martes, 21 de septiembre de 2010

Dioxido de carbono capturado por membranas nanometricas

Carbon Dioxide Capture with Nanometric Thin-film Membranes

Esta articulo salio el dia de hoy 21 de septiembre del 2010, y explica como nuevas membranas extremadamente delgadas pueden ayudar a reducir el exceso de dioxido de carbono en la atmosfera.

Summary posted by Meridian on 9/21/2010
Source: Nanowerk
Author: Michael Berger

One-third of total world carbon dioxide (CO2) emissions are estimated to come from energy production in power plants. A promising technique, called Carbon dioxide Capture and Storage (CCS), for reducing such emissions, is to capture them before they hit the atmosphere and store the gas underground. The technique requires the CO2 to be separated from the other waste gases before it can be stored, a type of filtration that is expensive and uses chemicals. However, new nanotechnology techniques to fabricate nanoscale thin membranes may lead to a technology that is more effective and costs less, making them competitive for large scale applications, unlike most current membranes. Researchers from the Institute of Materials Research and Institute of Polymer Research, Germany, have developed and manufactured nanometric thin film membranes with record performance, exhibiting unmatched CO2 permeance combined with high selectivity and stability. Research conducted by the team found that their ultra-thin membrane has the potential for carbon capture in coal-fired power plants. Their findings were reported in the September 1 issue of the journal Nanotechnology.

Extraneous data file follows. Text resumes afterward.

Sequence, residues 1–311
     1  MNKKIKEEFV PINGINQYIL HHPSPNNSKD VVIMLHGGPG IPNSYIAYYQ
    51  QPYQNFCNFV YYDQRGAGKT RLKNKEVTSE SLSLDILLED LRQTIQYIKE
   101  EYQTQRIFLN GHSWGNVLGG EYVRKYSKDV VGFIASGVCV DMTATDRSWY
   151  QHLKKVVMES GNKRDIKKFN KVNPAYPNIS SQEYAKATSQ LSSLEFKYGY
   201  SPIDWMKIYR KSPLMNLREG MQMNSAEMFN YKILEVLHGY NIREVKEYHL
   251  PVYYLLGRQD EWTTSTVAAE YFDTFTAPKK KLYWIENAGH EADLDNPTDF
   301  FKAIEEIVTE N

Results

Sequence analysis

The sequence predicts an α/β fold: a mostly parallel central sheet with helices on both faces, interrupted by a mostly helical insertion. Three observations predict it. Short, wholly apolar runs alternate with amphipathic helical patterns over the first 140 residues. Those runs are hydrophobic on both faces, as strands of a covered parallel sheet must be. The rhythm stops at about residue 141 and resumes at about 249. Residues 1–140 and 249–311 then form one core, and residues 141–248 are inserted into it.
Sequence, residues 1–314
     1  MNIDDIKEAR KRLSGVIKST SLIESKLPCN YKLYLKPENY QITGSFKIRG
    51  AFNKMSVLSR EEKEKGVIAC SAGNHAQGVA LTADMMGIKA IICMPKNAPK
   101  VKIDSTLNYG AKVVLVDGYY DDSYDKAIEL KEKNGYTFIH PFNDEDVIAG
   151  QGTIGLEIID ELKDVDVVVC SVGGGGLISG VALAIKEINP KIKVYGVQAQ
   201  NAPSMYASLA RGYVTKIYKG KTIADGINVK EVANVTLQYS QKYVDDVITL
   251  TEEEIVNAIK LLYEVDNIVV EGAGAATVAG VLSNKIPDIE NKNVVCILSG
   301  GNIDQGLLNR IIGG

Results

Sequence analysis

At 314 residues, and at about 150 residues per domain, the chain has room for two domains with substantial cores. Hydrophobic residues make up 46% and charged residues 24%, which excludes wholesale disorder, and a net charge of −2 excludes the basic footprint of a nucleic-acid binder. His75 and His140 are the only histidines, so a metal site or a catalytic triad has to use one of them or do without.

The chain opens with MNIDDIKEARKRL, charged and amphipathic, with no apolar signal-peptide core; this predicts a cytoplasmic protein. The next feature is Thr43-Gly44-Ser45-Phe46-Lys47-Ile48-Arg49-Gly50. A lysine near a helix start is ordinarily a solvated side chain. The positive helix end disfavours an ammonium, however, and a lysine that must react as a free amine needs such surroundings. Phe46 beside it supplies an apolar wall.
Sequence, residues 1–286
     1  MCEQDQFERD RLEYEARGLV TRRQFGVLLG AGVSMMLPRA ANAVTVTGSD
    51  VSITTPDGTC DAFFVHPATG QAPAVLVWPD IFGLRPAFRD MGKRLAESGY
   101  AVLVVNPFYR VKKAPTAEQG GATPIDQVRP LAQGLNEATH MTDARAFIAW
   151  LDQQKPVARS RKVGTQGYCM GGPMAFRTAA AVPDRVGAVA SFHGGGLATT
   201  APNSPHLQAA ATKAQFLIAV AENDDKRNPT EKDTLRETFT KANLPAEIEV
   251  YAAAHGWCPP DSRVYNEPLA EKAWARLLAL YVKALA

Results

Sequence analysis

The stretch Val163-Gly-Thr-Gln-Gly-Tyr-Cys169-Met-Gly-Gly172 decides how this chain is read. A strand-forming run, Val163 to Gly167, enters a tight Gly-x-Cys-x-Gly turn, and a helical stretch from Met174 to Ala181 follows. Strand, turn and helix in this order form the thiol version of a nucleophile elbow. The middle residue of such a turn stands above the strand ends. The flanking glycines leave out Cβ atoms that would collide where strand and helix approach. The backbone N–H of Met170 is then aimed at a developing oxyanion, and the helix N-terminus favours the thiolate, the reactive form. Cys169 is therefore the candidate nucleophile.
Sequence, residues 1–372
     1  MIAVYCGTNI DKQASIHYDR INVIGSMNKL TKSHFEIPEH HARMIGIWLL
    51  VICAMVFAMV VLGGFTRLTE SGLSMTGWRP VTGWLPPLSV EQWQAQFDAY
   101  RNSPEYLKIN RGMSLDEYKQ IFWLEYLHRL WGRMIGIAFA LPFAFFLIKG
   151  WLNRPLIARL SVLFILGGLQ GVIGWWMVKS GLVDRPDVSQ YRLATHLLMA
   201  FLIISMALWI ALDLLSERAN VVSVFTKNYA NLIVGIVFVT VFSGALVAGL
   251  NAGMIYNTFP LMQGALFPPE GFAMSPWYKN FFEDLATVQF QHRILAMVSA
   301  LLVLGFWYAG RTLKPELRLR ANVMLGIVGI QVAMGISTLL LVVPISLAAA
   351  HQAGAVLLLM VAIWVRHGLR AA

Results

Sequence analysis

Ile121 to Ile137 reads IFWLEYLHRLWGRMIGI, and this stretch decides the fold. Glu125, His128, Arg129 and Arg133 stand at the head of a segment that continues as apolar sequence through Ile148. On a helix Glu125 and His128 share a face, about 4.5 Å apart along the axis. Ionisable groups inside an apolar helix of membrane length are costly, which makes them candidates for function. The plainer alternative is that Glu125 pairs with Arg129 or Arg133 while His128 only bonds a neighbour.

3 comentarios:

J.P. dijo...
Este comentario ha sido eliminado por el autor.
J.P. dijo...

¿Puedo acceder al artículo original?
¿se tiene una idea de qué hacer con el CO_2 recuperado?

sudpepe dijo...

Muy bueno, pero como dijo el Dr Molina, la geotecnologia aun esta en prueba y se debe actuar con mucho cuidado puesto que no sabemos las consecuencias a largo plazo. Este articulo me hubiera servido mucho el semestre pasado en mi ensayo de PENSAMIENTO Y Lenguaje... mil gracias